Commands using ifconfig (103)

What's this?

commandlinefu.com is the place to record those command-line gems that you return to again and again. That way others can gain from your CLI wisdom and you from theirs too. All commands can be commented on, discussed and voted up or down.

Share Your Commands


Check These Out

redirect stdout and stderr each to separate files and print both to the screen

Create a mirror of a local folder, on a remote server
Create a exact mirror of the local folder "/root/files", on remote server 'remote_server' using SSH command (listening on port 22) (all files & folders on destination server/folder will be deleted)

mailx to send mails from console
It is the best way i found to send a mail from the console in my centos server.

Stop or Start (Restart) a Windows service from a Linux machine
Control (stop, start, restart) a Windows Service from a Linux machine which has the `net` command (provided by samba).

Download from Rapidshare Premium using wget - Part 2
The download content part. NOTE: the '-c' seems to not work very well and the download stuck at 99% sometimes. Just finish wget with no problem. Also, the download may restart after complete. You can also cancel. I don't know if it is a wget or Rapidshare glitch since I don't have problems with Megaupload, for example. UPDATE: as pointed by roebek the restart glitch can be solved by the "-t 1" option. Thanks a lot.

Backticks are evil
This is a simple example of using proper command nesting using $() over ``. There are a number of advantages of $() over backticks. First, they can be easily nested without escapes: $ program1 $(program2 $(program3 $(program4))) versus $ program1 `program2 \`program3 \`program4\`\`` Second, they're easier to read, then trying to decipher the difference between the backtick and the singlequote: `'. The only drawback $() suffers from is lack of total portability. If your script must be portable to the archaic Bourne shell, or old versions of the C-shell or Korn shell, then backticks are appropriate, otherwise, we should all get into the habit of $(). Your future script maintainers will thank you for producing cleaner code.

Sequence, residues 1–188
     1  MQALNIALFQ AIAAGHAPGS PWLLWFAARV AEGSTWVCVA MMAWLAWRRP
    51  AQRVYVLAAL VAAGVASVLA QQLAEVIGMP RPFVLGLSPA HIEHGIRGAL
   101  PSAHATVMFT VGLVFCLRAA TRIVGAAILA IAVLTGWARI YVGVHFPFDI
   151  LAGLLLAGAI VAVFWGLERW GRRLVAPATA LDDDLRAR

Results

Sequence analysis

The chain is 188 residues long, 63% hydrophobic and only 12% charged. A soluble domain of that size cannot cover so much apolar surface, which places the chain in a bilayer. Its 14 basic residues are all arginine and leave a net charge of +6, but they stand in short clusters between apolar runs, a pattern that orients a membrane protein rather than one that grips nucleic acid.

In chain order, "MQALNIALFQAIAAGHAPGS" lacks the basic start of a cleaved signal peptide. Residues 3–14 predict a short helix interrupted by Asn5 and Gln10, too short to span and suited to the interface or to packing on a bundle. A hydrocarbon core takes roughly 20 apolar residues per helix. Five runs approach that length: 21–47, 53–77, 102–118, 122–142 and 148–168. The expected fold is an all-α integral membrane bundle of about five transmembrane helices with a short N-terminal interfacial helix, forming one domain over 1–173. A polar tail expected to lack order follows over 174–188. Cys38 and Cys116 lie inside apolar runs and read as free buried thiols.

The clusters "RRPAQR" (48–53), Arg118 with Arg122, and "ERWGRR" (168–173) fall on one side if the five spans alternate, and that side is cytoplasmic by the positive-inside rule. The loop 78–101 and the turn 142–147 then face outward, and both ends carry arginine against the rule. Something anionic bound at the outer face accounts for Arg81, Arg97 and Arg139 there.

Find the package that installed a command

Find out my Linux distribution name and version

Short and elegant way to backup a single file before you change it.
Remember to backup everything before changing it so you can restore all to normal.

Which processes are listening on a specific port (e.g. port 80)
swap out "80" for your port of interest. Can use port number or named ports e.g. "http"


Stay in the loop…

Follow the Tweets.

Every new command is wrapped in a tweet and posted to Twitter. Following the stream is a great way of staying abreast of the latest commands. For the more discerning, there are Twitter accounts for commands that get a minimum of 3 and 10 votes - that way only the great commands get tweeted.

» http://twitter.com/commandlinefu
» http://twitter.com/commandlinefu3
» http://twitter.com/commandlinefu10

Subscribe to the feeds.

Use your favourite RSS aggregator to stay in touch with the latest commands. There are feeds mirroring the 3 Twitter streams as well as for virtually every other subset (users, tags, functions,…):

Subscribe to the feed for: